Thousand Islands Meeting
Current Work on Justice Issues
Two Recent Letters:
Justice must include care of victims
The Kingston and area communities have shown huge support and passion for the continuing Save the Prison Farm campaign. There are plenty of different reasons for recognizing the value of the prison farms but they are all included in one cause - justice for all.
The Thousand Islands Meeting of the Religious Society of Friends (Quakers) is actively engaged in justice work, especially the Alternatives to Violence Program. We believe that justice includes making things as right as possible for the victims of crime. We call for Canada to become a country where the first response is to help those affected by crime, encouraging them to embark on healing journeys. This change in focus will transform our pursuit of justice from one that emphasizes punishment to one that fosters peace in our communities.
The legal and correctional systems in Canada focus on offenders. Very little is done to help victims of crime. Based on Statistics Canada numbers for 2003, each Canadian contributes the equivalent of $365 annually to catch, try and punish offenders. (In current years the government has stopped reporting these costs in ways that are accessible to us.) Each person charged, tried and convicted costs on average about $51,751.00. Bigger jails are being planned.
By contrast, Statistics Canada estimates Victims Services in Canada in 2005/2006 cost each Canadian $3.88 to assist victims of crime. Each registered victim receives on average total services equalling about $22.51. Neglecting to treat harm and trauma affects neighbourhood safety and future crime rates. It is not justice when so much negative attention is paid to perpetrators of crime and so little to the needs of those who are directly harmed.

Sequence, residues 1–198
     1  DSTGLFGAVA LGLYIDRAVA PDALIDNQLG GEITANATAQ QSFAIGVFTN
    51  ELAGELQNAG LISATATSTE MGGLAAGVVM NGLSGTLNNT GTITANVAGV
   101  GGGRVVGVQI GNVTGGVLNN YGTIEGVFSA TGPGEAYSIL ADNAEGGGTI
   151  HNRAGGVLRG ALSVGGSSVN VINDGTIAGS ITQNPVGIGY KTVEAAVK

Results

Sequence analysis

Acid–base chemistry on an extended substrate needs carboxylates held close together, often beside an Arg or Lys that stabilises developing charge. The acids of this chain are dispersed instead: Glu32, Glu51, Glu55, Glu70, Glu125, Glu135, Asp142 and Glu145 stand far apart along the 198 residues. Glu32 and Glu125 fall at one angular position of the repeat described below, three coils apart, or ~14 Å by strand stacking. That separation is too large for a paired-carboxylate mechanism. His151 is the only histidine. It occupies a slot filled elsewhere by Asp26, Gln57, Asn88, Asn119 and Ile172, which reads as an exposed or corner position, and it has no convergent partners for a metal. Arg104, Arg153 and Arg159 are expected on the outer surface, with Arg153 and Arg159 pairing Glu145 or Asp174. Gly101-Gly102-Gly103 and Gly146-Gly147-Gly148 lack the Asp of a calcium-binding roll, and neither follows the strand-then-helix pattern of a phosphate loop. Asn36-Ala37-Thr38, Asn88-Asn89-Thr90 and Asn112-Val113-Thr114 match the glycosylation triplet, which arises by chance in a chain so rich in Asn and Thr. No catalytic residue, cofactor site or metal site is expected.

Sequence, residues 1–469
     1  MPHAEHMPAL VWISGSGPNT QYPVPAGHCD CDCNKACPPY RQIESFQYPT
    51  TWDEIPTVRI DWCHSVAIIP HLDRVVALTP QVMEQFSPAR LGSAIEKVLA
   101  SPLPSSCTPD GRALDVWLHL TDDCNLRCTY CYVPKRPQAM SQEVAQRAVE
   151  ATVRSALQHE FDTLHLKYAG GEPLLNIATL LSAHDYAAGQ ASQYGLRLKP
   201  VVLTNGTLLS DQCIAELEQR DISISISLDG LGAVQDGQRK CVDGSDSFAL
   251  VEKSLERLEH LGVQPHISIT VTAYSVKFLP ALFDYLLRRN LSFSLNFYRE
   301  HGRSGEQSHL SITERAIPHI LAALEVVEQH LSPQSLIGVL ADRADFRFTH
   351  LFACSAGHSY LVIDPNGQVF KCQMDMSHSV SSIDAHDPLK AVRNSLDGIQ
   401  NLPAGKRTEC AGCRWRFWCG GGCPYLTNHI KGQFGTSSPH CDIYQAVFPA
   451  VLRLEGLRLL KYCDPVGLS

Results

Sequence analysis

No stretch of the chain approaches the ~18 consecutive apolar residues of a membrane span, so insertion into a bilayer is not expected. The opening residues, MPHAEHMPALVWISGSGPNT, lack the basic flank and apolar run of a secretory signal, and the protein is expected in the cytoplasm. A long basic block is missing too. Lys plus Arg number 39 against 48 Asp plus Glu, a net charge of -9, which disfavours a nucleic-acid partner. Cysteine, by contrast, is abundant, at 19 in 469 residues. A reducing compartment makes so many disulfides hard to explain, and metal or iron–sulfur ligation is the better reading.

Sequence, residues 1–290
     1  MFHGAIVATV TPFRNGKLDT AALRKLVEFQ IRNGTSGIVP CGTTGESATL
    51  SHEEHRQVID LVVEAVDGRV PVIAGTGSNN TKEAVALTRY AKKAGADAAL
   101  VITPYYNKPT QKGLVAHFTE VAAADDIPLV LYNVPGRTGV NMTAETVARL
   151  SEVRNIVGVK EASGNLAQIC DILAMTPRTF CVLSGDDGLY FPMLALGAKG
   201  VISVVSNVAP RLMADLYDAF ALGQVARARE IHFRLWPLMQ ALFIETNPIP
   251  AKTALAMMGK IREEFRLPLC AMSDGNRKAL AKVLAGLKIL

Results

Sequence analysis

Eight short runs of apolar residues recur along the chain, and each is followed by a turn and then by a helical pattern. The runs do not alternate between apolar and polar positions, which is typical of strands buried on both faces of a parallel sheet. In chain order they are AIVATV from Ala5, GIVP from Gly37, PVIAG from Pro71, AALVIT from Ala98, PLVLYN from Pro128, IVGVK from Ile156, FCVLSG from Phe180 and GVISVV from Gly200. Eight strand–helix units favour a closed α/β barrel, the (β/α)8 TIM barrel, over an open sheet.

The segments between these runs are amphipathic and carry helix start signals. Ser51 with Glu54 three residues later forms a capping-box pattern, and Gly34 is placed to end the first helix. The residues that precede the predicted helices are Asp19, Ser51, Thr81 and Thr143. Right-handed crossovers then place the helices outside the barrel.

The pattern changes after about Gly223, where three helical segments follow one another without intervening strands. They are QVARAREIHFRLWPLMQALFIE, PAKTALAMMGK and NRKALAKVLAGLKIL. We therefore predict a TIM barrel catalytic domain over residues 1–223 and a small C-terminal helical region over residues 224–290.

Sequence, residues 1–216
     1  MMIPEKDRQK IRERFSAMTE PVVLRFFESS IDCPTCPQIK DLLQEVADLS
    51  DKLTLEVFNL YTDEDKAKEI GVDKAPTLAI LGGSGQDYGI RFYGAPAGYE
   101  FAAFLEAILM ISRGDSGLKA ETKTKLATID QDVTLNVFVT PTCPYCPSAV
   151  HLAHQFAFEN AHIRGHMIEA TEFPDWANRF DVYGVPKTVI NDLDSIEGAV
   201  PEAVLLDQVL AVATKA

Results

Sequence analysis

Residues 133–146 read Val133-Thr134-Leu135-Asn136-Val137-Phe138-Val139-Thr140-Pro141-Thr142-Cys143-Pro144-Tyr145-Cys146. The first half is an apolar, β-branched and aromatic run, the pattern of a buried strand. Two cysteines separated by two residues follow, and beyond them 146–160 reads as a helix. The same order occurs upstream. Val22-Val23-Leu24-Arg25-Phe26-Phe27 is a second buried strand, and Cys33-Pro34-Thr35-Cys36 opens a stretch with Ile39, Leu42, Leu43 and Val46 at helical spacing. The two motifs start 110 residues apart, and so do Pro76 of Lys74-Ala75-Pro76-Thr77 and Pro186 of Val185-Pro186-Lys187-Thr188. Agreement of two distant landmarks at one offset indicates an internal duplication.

Our precious resources should go towards supporting the social and practical needs of those most affected by crime. The most vulnerable include the mentally ill, the poor, indigenous peoples, those who struggle with addictions and those who are less educated. The social injustices which foster criminal activity and inhibit the development of effective community support for its victims and survivors must be addressed.
Statistics Canada also reports that less than 35% of violent crime is reported to police. One good reason for this is that some victims would prefer that the harmful situation be made right rather than punish the offender. Not reporting a violent crime may well be better than spending years visiting a close relative in a distant jail. The legal system is irrelevant and possibly hurtful in addressing some crime. We believe that an appropriate response to unreported crime is to create a system that will encourage people to seek justice for all those involved, not by longer sentences.
Justice is done when those most affected by crime are satisfied that things have been made as right as possible, the affected communities learn from the past, and are confident in their ability to undertake, with compassion, expectancy, faith, and hope, the tasks of building and sustaining peace.
Thousand Islands Meeting
The Religious Society of Friends (Quakers)
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